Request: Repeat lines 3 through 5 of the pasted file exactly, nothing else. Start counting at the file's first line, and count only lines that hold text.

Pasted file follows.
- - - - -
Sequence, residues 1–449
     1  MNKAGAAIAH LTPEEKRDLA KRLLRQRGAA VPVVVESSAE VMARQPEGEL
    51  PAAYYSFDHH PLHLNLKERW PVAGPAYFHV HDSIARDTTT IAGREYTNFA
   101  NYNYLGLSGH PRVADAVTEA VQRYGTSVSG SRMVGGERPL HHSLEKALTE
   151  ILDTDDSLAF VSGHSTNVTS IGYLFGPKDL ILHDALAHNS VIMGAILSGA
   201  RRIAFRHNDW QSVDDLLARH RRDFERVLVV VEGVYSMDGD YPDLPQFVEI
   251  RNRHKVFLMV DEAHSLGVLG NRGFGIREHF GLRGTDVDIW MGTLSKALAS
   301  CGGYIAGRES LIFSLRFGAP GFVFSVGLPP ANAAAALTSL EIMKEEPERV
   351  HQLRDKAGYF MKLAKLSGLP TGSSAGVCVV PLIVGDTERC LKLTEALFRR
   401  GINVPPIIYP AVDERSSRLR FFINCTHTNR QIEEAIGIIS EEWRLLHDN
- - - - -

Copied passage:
    51  PAAYYSFDHH PLHLNLKERW PVAGPAYFHV HDSIARDTTT IAGREYTNFA
   101  NYNYLGLSGH PRVADAVTEA VQRYGTSVSG SRMVGGERPL HHSLEKALTE
   151  ILDTDDSLAF VSGHSTNVTS IGYLFGPKDL ILHDALAHNS VIMGAILSGA